The Cardiac Tube Group

Fabrication of Bioartificial Pump using Cell Sheet-based Tissue Engineering

 Tissue engineering approaches involving the direct transplantation of cardiac patches has received significant attention as an alternative method for the treatment of damaged hearts. In contrast, we used cardiac cell sheets harvested from temperature-responsive dishes to create pulsatile cardiac tubes as organ-like structures and examined both in vitro and in vivo function. (Fig.1)

 As a result, in vitro fabricated beating cardiac tube showed spontaneously synchronized pulsations in macroscopic levels. Additionally, the cardiac tubes presented measurable inner pressure changes evoked in response to the spontaneous tube contraction. Furthermore, we fabricated an implantable tube-shaped myocardial tissue by wrapping neonatal rat cardiac cell sheet around a resected adult rat thoracic aorta, and transplanted in the abdominal aorta of athymic rats. Four weeks after transplantation, the myocardial tubes demonstrated spontaneous and synchronous pulsations independent of the host heartbeat. Independent graft pressures with a magnitude of 5.9±1.7mmHg due to their independent pulsations were also observed. Histological study and transmission electron microscopy indicated that the beating tubes were composed of cardiac tissues that resemble the native heart. Additionally, Histological examination demonstrated the presence of endothelial cells and typical blood vessels within the myocardial tubes. Furthermore, it was revealed that the myocardial tubes were nourished with branch of the aorta. Finally, when myocardial tubes used for aortic replacement were compared to grafts implanted in the abdominal cavity, significantly increased tissue thickness, as well as expression of brain natiuretic peptide, α-myosin heavy chain, and β-myosin heavy chain, suggested that pulsation due to host blood flow within the lumen of the myocardial tubes has a profound effect on stimulating cardiomyocyte hypertrophy and growth. These results demonstrate the next step of myocardial tissue reconstruction and a shift towards the fabrication of independently-functioning cardiac structures having a potential for acting as tissue engineered cardiac assist devices.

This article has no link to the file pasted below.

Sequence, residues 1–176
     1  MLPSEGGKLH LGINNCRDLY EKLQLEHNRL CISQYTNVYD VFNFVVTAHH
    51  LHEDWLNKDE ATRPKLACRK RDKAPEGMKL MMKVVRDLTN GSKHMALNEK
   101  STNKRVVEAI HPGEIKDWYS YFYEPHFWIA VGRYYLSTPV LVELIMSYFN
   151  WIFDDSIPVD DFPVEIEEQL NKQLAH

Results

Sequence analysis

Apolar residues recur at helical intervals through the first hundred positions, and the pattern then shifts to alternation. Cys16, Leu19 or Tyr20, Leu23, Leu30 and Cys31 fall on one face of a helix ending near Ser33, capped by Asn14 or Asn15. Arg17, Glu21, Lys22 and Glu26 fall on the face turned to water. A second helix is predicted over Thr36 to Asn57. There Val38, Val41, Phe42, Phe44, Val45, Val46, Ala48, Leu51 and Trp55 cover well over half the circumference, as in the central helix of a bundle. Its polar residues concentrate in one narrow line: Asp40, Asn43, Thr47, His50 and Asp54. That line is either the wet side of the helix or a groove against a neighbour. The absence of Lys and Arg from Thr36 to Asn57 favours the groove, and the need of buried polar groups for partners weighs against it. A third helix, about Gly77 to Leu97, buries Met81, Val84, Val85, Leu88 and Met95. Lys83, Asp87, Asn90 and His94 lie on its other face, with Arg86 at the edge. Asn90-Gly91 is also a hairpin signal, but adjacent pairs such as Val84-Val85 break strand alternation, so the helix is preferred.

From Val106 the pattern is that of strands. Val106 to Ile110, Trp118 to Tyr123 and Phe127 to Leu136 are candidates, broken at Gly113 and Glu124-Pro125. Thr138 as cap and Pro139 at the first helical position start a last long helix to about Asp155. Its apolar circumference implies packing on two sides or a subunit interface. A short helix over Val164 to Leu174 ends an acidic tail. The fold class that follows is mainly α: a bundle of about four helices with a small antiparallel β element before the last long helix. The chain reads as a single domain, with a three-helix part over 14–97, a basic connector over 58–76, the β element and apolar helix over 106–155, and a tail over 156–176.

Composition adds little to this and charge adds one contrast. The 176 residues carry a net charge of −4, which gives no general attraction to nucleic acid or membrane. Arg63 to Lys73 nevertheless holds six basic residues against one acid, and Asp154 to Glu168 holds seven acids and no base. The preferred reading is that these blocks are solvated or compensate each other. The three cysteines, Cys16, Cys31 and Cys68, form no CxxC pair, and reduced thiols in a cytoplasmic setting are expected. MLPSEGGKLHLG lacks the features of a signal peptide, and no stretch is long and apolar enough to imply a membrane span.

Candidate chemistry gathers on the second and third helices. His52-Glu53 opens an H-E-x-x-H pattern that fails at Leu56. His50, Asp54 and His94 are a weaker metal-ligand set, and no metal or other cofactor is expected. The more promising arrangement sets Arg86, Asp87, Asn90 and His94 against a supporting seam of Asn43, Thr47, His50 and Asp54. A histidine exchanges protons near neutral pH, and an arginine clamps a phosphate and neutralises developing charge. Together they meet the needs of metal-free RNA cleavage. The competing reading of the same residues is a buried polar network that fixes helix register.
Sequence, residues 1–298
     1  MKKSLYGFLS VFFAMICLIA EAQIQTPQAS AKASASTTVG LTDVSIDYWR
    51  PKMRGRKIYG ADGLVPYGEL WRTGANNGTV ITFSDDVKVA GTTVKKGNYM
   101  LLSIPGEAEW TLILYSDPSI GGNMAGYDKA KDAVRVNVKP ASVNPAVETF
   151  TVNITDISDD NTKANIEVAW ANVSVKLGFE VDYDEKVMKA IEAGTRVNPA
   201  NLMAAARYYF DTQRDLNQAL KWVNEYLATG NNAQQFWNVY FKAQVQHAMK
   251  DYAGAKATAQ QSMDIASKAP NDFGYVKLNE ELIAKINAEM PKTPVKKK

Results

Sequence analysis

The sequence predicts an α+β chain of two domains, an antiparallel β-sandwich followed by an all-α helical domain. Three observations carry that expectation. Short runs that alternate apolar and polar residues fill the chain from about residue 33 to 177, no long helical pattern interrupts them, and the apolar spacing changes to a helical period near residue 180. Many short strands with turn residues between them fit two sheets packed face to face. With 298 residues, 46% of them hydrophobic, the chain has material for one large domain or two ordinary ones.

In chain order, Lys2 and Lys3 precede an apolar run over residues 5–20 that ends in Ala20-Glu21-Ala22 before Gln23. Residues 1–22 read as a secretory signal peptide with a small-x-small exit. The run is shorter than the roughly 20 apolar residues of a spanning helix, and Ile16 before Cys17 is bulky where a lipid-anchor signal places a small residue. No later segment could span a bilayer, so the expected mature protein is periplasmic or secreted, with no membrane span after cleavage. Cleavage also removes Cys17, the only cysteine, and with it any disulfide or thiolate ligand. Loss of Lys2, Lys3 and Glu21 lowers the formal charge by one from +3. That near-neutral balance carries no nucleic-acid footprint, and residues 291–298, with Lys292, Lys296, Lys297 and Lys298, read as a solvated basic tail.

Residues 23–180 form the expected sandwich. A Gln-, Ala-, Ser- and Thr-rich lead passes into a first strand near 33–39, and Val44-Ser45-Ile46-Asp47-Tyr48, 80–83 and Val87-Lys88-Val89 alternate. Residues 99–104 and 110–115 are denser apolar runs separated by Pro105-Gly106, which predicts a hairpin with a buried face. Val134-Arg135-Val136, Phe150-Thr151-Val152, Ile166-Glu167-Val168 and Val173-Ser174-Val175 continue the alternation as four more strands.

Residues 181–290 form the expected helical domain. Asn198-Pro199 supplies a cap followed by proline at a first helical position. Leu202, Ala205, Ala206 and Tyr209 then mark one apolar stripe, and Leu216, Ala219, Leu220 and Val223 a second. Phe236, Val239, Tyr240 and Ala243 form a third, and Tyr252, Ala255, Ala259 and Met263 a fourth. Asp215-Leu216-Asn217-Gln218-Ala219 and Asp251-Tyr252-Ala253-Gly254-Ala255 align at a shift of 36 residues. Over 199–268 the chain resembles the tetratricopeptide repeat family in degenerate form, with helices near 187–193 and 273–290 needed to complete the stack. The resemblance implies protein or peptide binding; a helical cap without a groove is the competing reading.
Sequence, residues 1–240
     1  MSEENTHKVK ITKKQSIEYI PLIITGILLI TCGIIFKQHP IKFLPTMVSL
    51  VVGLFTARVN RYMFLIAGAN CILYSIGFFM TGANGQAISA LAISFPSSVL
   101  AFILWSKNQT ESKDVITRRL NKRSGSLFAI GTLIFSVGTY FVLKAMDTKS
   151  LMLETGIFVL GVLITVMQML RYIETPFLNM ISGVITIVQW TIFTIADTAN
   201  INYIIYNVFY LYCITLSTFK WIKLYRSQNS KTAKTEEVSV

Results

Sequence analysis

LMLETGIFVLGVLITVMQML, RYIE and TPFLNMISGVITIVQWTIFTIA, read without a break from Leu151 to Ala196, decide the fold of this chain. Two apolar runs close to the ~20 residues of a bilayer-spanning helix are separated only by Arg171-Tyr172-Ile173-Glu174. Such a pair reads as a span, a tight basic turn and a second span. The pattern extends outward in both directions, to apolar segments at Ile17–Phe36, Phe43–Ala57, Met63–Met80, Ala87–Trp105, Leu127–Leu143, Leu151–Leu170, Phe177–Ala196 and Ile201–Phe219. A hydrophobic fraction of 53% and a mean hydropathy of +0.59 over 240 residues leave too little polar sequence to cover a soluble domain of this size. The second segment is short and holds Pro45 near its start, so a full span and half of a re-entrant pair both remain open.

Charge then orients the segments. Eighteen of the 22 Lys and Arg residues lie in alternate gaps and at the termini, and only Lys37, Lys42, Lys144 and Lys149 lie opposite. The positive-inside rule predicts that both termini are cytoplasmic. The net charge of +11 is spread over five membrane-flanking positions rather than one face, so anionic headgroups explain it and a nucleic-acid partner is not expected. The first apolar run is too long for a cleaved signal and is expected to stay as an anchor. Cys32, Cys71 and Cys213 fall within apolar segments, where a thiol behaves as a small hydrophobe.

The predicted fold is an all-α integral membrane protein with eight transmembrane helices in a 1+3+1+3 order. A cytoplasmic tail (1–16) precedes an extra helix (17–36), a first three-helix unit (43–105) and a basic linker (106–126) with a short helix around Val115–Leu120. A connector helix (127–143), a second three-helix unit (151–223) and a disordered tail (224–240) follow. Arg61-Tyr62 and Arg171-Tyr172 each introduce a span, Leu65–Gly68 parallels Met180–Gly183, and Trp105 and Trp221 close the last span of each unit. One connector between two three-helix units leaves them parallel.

Currently, in order to further enhancement of myocardial contraction, we are trying to create possess controlled cellular arrangements of cardiomyocytes using micropaterned temperature-responsive culture surfaces. (Fig.2)

Creation of 3D tubular myocardial tissue that acts like a cardioassist pump

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An attempt to produce myocardial tube tissue processed to have an orientation property

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Researcher Introduction

Institute of Advanced BioMedical Engineering and Science,
Assistant Professor  Hidekazu SEKINE

Hidekazu SEKINE Although these challenges have been performed only in small scale, the future solutions for scaling up problems give more powerful construct creation, resulting in the developments of remarkable tissue engineered cardiac assist devices or organ replacement. Overall, cell sheet-based tissue engineering should have enormous potential in myocardial tissue regenerative medicine and rescue many patients suffering severe heart failure. In addition to clinical use, pulsatile myocardial tube constructs should be also useful for future applications in physiological studies and pharmacological screening.



  • Kubo H, Shimizu T, Yamato M, Fujimoto T, Okano T. Creation of myocardial tubes using cardiomyocyte sheets and an in vitro cell sheet-wrapping device. Biomaterials. 2007;28:3508 -16.
  • Sekine H, Shimizu T, Yang J, Kobayashi E, Okano T. Pulsatile myocardial tubes fabricated with cell sheet engineering. Circulation. 2006;114:I87- 93.